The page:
Having gotten my blog up and running, I figured that the next logical thing was to somehow connect it to the [tag]social web[/tag] that is all the rage now. I figured it would be a a simple task. But I was quickly overwhelmed by the array of options. So I decided to start with something simple: [tag]Photo Sharing[/tag].
I spend way too much time on my photographs. My website has been lovingly prepared with all the care that my wife says I should give her. And while I plan on continuing to maintain my website as my medium of artistic expression, I did want to find a way to integrate my photographs with my blog that would not require me putting in additional time (I agree with Tanu, my website takes up enough time).
Photo Sharing on Flickr
First I had to find a photo website with good features in the social sphere, and everything pointed me towards Flickr.
[tag]Flickr[/tag] makes it real easy to upload and manage my photographs. Besides uploading through the browser, it gave me a desktop uploader tool that I can use to upload a whole bunch of photographs (a very useful feature when I am uploading a trips worth of photographs). I was even to set up a way to upload photos from Picasa (which is what I use to manage photos on my desktop at home), but that relies on the “upload by email” feature, which is slow and annoying, and prone to failure. I am surprised that there isn’t a better integration between [tag]Picasa[/tag] and Flickr available as a plugin.
Photo Badges & Slideshows
The Flickr APIs mean that there are a host of widgets/gadgets out there ready to use. My research revealed two main ways to display photographs from Flickr – badges and slideshows. [tag]Photo Badges[/tag] (because of their small width) are more appropriate for sidebar displays, while [tag]slideshows[/tag] are better for displaying photographs as part of a blog post or page.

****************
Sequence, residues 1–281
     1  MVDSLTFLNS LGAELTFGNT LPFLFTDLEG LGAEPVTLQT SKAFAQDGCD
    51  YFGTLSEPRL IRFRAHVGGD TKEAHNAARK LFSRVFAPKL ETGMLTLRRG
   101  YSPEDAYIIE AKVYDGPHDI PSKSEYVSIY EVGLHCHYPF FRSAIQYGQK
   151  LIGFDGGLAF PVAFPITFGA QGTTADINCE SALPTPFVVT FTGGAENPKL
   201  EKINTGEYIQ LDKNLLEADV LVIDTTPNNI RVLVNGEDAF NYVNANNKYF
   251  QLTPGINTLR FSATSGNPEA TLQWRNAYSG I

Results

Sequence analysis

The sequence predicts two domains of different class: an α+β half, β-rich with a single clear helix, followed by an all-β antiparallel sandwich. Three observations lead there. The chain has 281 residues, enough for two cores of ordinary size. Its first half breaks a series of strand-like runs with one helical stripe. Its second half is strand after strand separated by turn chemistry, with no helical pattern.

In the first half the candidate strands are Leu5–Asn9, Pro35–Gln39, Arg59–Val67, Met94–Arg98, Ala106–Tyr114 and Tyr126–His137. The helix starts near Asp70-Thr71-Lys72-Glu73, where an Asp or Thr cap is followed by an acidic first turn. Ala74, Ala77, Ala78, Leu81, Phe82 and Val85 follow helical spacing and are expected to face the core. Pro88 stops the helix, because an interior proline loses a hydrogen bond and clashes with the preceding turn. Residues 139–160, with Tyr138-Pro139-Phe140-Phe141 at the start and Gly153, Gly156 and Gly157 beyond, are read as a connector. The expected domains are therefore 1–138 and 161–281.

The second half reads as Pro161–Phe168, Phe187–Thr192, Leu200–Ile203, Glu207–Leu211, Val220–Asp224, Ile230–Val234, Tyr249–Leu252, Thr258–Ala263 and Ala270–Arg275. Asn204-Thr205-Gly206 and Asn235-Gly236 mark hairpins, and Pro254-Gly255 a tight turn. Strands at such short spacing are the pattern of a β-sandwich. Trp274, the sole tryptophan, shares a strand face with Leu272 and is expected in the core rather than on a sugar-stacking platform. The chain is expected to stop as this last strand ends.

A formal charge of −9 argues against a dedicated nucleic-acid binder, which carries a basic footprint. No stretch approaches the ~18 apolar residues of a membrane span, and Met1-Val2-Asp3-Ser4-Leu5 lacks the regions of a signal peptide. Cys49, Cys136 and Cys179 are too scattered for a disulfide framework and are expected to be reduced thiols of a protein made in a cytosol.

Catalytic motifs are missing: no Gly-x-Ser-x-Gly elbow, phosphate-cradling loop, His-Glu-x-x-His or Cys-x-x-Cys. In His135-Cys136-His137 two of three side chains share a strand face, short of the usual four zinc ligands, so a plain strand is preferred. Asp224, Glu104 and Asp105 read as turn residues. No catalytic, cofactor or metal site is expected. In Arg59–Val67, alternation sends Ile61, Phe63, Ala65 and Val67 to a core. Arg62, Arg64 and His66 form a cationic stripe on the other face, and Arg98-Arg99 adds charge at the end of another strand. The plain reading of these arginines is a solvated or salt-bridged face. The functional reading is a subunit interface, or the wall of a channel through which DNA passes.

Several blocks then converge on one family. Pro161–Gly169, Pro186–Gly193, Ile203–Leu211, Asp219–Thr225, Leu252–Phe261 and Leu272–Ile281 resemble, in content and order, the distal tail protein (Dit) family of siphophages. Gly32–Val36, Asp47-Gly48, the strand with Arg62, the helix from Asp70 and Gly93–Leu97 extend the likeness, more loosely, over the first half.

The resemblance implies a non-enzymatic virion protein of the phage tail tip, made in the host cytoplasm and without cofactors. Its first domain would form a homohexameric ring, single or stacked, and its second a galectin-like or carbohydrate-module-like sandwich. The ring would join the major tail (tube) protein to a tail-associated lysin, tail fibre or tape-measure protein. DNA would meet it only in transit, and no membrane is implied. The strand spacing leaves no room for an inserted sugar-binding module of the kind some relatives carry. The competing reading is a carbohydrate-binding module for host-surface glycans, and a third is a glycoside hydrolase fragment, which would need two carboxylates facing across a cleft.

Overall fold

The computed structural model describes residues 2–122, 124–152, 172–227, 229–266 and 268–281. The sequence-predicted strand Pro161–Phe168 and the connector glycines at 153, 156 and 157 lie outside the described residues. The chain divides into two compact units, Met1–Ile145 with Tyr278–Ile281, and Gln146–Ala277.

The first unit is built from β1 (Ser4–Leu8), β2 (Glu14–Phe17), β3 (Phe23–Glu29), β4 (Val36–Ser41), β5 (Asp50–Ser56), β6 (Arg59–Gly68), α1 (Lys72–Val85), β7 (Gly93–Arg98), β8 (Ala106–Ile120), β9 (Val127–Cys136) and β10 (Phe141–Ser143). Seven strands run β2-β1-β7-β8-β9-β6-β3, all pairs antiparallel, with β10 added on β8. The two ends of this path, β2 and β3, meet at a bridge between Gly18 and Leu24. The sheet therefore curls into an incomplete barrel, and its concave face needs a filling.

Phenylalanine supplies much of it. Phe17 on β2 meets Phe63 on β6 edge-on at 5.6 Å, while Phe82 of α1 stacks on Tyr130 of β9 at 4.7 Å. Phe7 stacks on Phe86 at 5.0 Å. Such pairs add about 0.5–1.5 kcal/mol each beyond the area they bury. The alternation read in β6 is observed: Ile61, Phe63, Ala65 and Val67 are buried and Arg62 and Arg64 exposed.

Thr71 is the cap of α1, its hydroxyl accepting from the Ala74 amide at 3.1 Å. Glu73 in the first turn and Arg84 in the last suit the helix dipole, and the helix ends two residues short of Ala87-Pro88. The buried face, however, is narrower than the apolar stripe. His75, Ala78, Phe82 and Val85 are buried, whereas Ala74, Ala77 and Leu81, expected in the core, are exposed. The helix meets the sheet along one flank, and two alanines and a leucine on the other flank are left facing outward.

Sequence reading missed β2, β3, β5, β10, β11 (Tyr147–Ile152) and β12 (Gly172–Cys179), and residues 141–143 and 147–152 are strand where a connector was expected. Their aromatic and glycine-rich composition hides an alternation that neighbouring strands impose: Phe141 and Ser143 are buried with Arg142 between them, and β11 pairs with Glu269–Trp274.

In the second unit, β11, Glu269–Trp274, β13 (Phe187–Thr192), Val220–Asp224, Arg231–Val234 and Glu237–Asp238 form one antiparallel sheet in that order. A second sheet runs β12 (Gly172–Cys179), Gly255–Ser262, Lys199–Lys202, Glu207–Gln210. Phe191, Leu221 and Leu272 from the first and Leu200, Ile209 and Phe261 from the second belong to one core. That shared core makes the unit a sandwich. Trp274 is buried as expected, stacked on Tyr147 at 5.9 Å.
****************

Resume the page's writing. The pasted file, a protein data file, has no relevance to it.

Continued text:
Flickr gave me a pretty decent badge right away, and that is what I have in the sidebar to the right (showing photos from my “From My Travels” set). I loved that all I have to do is manage the photographs in the set and the badge will automatically update with the changes.
Alas, I couldn’t find a [tag]slideshow widget[/tag] that does the same. The best slideshow site I found out there is Slide.com. It makes it very easy to connect to Flickr, select a photo set and use it as the basis for a slideshow (they also support other photo stores, like MySpace). They have a decent array of formatting options, and they give all the necessary code to embed the slideshow in a post. However, after that things started to get complicated.
Firstly the slideshow, once created, is fixed. Updating the photo set doesn’t have any impact on the slideshow, which to me indicates that Slide is copying my photographs over to their servers from Flickr (not a true mashup in that sense). Secondly, the code generated by Slide doesn’t sit well with Wordpress. If I paste the code in and save it, it works. But if I now go back and edit that post/page without touching the slideshow code, something gets screwed up and the slideshow doesn’t render properly. I put a slideshow on the “Travel Addict” page of this blog, and every time I edit that page, I have to retrieve and re-paste the code for the slideshow. It is getting to be pretty annoying. If anyone has a fix for this, I would love to hear it.
One of the better features in Flickr is the ability to [tag]photoblog[/tag] directly from within Flickr to your Wordpress blog. You can setup your Wordpress account credentials within Flickr, and every time that you see a photo you like, you just have to click the “Blog This” button. You can write the post within Flickr and submit it, and it shows up in your blog right away.
That is also the problem. The post doesn’t always look the way you want it to look, and the fact that it shows up immediately means that you have to immediately go to your blog to edit it. Kind of ruins the benefit of blogging from Flickr. So I started to look for a solution to the problem and found the “Flickr Draft Post“plugin. The activated plugin recognizes posts coming in from Flickr and saves it into your drafts instead of publishing it, giving you time to get back to it for editing and publishing at your convenience.
It also took some debugging to get my blog set up. For some reason, the Wordpress type for the blog selection didn’t work. Moveable Type worked better for me.
[tags]Tech, Web 2.0, Blog customization, Blog skinning[/tags]
Tags: Blog Design
, Web 2.0